NBC's Utah affiliate KSL-TV has taken The New Normal off its fall lineup.
The upcoming Ryan Murphy comedy, which focuses on a gay couple who are having their first baby through a surrogate, was deemed inappropriate by the Mormon-owned station.
"From time to time we may struggle with content that crosses the line in one area or another," Jeff Simpson, CEO of KSL's parent company, Bonneville International, told The Salt Lake Tribune. "The dialogue might be excessively rude and crude. The scenes may be too explicit or the characterizations might seem offensive."
Question: I love how much you appreciate TV from a variety of cultures. Thanks to the Internet, viewers are finally figuring out just how often the U.K. and the U.S. "borrow" show ideas from each other. But outside of reality and sketch shows, how often does this actually work? There is usually a great deal of buzz surrounding Americanized British shows, especially from the fans of the original. Yet when the show finally debuts, there is a sigh of disappointment from critics and fans alike. The Office is the only show I am aware of that has avoided this curse. Should the networks take a chance and try showing the original British versions? Financially, this would be a goldmine for them and for the original British companies as well. The U.K. broadcasts American shows like Heroes, Dexter, House, CSI, Grey's Anatomy and Desperate Housewives, so why don't we return the favor? Most Americans don't seem to know that BBC America exists (unless they read your column) and have no other way to ...
NBC Universal president and CEO Jeff Zucker said he doesnt envision any changes to the NBC's 2007-08 fall schedule even though he's changed top entertainment executives at the network. NBC made it official late Tuesday that Ben Silverman, who brought The Office and Ugly Betty to American television, will become co-chairman of the networks entertainment division and production studio. Marc Graboff, president of NBC Universal Television, West Coast, has also been elevated to co-chairman."The timing of the announcement has nothing to do with the fall schedule," said Zucker. "The reaction [to the lineup] has been incredibly strong. He said hed been trying to bring Silverman into the network for some time, and only recently learned that he was ready to make a move. Silverman will be in charge of creative decisions at the network and studio, while Graboff will handle the business side. The announcement means goodbye to Kevin Reilly, the NBC entertainment president ...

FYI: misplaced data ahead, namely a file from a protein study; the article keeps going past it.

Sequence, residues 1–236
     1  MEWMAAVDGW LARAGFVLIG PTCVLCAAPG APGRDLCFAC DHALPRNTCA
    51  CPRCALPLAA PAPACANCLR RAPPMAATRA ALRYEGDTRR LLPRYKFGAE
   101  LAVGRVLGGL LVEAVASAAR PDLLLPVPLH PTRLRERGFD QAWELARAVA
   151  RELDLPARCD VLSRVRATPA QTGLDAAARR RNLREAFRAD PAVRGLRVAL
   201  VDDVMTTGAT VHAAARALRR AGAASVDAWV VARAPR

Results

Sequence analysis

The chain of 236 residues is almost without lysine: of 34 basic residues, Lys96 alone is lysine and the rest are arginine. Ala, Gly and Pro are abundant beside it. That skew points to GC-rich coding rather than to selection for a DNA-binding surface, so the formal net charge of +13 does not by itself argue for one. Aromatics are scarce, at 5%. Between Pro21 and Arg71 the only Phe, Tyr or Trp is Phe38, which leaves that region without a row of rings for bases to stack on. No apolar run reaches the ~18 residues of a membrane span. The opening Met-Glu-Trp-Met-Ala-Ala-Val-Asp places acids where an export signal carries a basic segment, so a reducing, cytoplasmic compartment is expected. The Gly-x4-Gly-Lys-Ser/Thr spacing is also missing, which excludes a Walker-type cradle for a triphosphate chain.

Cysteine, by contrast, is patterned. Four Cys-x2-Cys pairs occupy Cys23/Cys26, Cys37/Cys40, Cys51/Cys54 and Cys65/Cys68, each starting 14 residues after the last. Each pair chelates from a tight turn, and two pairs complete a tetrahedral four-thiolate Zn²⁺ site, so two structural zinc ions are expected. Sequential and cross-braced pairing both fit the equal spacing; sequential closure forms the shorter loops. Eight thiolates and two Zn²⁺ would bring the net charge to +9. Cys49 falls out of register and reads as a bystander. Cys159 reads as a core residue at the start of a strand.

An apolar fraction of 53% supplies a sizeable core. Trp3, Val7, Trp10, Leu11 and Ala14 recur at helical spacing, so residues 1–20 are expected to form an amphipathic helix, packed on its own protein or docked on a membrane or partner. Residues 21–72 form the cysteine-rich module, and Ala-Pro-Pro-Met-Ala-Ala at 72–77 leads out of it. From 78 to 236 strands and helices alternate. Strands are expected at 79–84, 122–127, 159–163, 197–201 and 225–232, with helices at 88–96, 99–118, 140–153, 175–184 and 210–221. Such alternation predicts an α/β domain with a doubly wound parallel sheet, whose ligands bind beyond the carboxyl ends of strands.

Starting tonight at 9 pm/ET, Sci Fi Channel's Eureka ventures into the same Pacific Northwest that played home to Twin Peaks as it tells the tale of a tiny town harboring a big secret: namely, a population of geniuses, many of whom toil for a top-secret government think tank. Playing U.S. Marshal Jack Carter, through whom viewers experience this strange (and soon about to become stranger) world, is Colin Ferguson, whose alter ego has little idea that this quick pass through town, with a temperamental teenage daughter in tow, will turn into a very "extended" stay.
TVGuide.com: How are you doing there, Colin?
Colin Ferguson: I'm han
Question: Hi, Matt. Love this section of TVGuide.com. There's an awful lot of great British stuff out there: MI-5, Hustle and, most recently, Doctor Who. U.S. drama gets pretty well recognized in the U.K. — while the ratings are pretty measly, they get praised nonetheless. A lot of British stuff goes unrecognized in the U.S., like Dancing with the Stars being a deal made by the BBC and ABC following the BBC's hit of Strictly Come Dancing. Now the rumor mill is churning again, saying that David E. Kelley is penning a pilot for ABC based on the BBC's latest big hit Life on Mars. Do we care about any of this? What do you think of the latest U.K. shows to be sprinkled over the U.S.?
Answer: Most of them are fine, but I think they get plenty of respect, when deserved, in the U.S. critical press. (BBC America in particular gets glowing notices for many of its imports, from class acts like Viva Blackpool to guilty pleasures like Footballers' Wives.) AMC's Hustle and A&E's MI-5 (which the